Notes for Azed 2,620

There are usually one or two points of interest in an Azed puzzle, and here we pick them out for comment. Please feel free to add your own questions or observations on any aspect of the puzzle (including clues not listed below) either by using the comment form at the bottom of the page or, if would prefer that your question/comment is not publicly visible, by email.

Azed 2,620 Plain

Difficulty rating: 3.5 out of 5 stars (3.5 / 5)

A 13×11 puzzle which struck me as being quite tricky in places. Some of the clues were not simple to parse, and a couple of dodgy (ie not in Chambers) added to the complexity. I didn’t think that overall it was one of his very best, but others may feel differently.

Setters’ Corner: This week I’m going to take a look at clue 17a, “Ambassador infiltrating rebel Chinese (5)”. ‘Hidden’ clues like this rarely generate a great deal of debate, largely I think because the answer is there in plain view and there is little incentive to take a microscopic view of the wordplay. Although I have seen it said that pretty much any containment or insertion indicator can be used in a ‘hidden’, I don’t agree with this. Containment and insertion indicators essentially come in two forms: static (eg ‘inside’, ‘holding’), where a steady state is being described, and dynamic (eg ‘going into’ ‘drawing in’) where an action is described. The latter group cannot in my view be used to indicate a hidden word, since it’s already in situ. I’m not comfortable that ‘infiltrate’ has anything other than a ‘dynamic’ meaning, and therefore I think this clue would be better as “Ambassador that’s infiltrated rebel Chinese”.

10a A hum around major artery? It’s a spinal process (8)
The letter A (from the clue) is followed by a five-letter verb which is the sort of thing that Bing Crosby would do (when on stage rather than the golf course) containing the two-character designation of a ‘major artery’ in the context of the English road system. I am reminded of Norah Jarman’s brilliant winning clue for CHEMIST in Ximenes comp 743, “I provide something you can rattle up and down in a box”.

13a African tongue precious in southern part of the continent (5)
A somewhat icky three-letter term of endearment (a shortening of a similarly sweet five-letter term) is contained by the normal abbreviation for the southern part of Africa (‘the continent’, referring back to the start of the clue).

14a Try one’s hardest, as American rabble broaching cask (8, 3 words)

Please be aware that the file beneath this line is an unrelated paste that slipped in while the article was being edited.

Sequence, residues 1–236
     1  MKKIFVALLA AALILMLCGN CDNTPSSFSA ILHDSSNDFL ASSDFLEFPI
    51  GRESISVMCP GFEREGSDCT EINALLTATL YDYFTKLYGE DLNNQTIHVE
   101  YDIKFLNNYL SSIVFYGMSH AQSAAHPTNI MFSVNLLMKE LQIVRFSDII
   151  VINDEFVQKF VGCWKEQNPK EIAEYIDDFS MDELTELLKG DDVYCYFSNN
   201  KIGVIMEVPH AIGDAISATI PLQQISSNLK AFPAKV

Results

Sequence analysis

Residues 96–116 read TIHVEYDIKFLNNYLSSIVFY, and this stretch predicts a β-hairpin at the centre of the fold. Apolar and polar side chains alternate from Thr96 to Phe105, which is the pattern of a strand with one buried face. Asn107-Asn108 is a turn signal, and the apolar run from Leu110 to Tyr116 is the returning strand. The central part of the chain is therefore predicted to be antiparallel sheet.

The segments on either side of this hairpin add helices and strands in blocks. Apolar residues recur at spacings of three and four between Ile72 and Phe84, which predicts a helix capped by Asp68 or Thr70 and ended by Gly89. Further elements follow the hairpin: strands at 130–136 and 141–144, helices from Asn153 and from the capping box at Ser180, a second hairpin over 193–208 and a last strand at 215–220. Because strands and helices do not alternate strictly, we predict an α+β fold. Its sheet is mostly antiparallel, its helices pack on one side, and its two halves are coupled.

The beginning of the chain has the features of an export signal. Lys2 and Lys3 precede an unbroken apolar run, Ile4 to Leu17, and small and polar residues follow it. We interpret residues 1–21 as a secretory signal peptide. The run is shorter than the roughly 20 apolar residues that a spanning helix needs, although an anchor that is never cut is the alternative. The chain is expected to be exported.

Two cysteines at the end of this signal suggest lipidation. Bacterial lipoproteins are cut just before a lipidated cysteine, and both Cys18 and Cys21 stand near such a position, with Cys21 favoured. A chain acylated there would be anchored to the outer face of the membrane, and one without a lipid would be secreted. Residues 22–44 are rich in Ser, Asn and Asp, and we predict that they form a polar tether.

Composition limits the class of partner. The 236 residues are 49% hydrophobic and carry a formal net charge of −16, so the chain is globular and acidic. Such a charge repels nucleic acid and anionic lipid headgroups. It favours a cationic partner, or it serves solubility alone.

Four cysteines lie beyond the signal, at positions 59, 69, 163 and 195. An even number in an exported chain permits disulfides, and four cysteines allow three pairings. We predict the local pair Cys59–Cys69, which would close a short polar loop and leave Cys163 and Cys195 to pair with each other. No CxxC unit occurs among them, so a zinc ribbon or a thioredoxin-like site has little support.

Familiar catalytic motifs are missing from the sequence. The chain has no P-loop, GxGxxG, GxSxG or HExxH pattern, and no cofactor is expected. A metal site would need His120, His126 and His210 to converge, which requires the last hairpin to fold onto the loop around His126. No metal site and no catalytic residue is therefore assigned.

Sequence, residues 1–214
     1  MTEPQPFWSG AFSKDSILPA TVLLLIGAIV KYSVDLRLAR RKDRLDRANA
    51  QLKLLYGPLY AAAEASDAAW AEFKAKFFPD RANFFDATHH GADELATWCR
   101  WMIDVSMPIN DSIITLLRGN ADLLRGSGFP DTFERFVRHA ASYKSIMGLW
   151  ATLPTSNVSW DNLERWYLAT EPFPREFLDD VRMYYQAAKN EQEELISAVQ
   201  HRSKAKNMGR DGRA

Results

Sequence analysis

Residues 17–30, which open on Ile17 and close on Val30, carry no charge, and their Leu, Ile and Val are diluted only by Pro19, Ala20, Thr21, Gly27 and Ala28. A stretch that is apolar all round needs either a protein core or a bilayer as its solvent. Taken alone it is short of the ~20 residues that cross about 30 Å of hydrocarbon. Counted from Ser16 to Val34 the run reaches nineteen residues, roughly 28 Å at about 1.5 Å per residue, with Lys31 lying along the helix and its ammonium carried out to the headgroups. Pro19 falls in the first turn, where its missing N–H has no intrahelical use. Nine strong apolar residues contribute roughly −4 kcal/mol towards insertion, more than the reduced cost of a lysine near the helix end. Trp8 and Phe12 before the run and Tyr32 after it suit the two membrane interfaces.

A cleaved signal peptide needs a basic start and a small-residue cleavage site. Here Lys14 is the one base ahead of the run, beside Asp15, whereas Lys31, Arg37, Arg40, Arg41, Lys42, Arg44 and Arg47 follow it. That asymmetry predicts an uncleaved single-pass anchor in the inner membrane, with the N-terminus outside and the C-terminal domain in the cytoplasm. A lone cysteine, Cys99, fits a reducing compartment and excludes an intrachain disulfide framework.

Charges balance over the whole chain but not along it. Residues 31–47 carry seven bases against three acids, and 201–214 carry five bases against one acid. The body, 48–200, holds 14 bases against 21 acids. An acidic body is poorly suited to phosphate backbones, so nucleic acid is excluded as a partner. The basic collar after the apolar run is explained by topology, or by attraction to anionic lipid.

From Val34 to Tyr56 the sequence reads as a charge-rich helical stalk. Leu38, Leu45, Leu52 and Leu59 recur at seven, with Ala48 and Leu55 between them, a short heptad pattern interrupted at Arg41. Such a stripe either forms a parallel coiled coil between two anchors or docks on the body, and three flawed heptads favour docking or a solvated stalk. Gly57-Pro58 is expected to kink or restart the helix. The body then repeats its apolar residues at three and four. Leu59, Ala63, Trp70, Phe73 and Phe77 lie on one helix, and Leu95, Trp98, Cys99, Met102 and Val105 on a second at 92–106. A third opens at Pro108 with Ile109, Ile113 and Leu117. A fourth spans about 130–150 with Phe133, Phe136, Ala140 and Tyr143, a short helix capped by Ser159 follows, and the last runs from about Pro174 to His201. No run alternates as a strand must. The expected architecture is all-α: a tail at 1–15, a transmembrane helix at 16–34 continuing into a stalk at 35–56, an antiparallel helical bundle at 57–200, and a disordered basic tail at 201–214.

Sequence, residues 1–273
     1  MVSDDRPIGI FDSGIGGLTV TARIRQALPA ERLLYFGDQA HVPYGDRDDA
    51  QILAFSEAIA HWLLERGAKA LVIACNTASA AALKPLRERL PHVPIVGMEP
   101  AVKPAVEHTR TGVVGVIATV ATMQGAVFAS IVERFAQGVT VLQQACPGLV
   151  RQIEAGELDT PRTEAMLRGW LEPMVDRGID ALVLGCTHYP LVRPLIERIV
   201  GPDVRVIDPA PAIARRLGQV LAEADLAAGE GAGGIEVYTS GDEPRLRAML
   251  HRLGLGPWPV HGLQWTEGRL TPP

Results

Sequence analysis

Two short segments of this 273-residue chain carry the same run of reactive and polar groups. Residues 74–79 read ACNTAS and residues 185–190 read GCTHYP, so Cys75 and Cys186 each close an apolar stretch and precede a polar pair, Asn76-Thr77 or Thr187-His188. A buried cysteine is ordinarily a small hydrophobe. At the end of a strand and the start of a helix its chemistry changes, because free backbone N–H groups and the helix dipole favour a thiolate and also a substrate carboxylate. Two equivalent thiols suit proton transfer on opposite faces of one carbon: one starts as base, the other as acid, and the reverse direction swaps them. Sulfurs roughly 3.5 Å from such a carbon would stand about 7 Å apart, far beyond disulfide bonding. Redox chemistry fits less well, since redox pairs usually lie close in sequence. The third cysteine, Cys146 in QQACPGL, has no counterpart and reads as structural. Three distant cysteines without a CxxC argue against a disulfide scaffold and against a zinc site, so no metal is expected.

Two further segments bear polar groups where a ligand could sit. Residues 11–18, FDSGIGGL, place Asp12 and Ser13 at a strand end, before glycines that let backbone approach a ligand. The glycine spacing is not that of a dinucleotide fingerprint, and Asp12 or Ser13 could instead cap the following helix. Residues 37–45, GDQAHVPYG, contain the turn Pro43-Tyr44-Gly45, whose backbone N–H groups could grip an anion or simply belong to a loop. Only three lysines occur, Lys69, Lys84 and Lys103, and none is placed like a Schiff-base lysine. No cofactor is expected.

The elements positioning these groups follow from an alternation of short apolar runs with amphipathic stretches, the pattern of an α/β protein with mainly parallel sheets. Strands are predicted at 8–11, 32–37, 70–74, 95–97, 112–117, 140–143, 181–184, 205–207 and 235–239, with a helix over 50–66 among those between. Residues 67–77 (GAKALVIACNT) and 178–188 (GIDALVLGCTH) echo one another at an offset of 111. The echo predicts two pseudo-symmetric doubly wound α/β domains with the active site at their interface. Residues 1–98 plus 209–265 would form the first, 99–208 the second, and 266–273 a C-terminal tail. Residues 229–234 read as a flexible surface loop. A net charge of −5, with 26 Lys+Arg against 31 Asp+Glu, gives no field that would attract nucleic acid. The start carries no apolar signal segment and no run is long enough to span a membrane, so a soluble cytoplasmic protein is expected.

A two-letter abbreviation meaning ‘American’ and a three-letter word for a rabble (often associated with rag, and sometimes also bobtail) are contained by (‘broaching’) a three-letter word for a large cask (more often seen in its four letter form).

15a Scottish hard rock duo finally lost in tragedy (6)
I couldn’t immediately think of any Scottish hard rock duos (I don’t feel that the Proclaimers quite cut it), but here Azed has craftily disguised the break between definition and wordplay, the latter involving the last two letters (‘duo finally’) being lost from the title of one of the Bard’s most famous tragedies. Hard rock duos of any nationality? The White Stripes would be the best I could come up with.

16a Source of music once – merry monarch welcomes it (6)
The ‘merry monarch’ who ‘welcomes’ (contains) the letters IT (from the clue) is not Charles II but another merry old soul.

18a Faced government department stopping boozing for good? The reverse (8)
A charade of the two-letter abbreviation for the Department of Education, a two-letter abbreviation meaning ‘stopping boozing’ (or more accurately ‘not boozing’, since one might never have started), and a four-letter word meaning ‘for good’ (or ‘always’) is reversed in its entirety (‘The reverse’). The answer is something that might describe ramparts or river banks which have been given a retaining ‘face’.

26a Sail ships lacking mark in part of India (5)
A three-letter word for ships in general (but only those ‘of a certain age’) has the usual abbreviation for ‘mark’ removed (‘lacking mark’) and is contained by the name of a state in the south-west of India.

27a Little bit of corn in idle unploughed meadow (6)
A three-letter word for a ‘little bit of corn’ (the seedy element) is contained by an old slang word meaning ‘[to] idle’, the result being a (3-3) hyphenated solution.

29a Jock’s crazy touching woman in flop (6)
Even if you started off in the SE corner, I doubt whether this was your FOI. I could be wrong, though. The wordplay has a two-letter bit of commercial jargon for ‘concerning’ (ie ‘touching’) followed by a single-letter abbreviation for ‘women’ (though not ‘woman’) inside a three-letter term for a flop. The solution is hyphenated (3-3) and is the Scots form of a (3-4) expression, the second element of each being an obsolete adjective meaning ‘insane’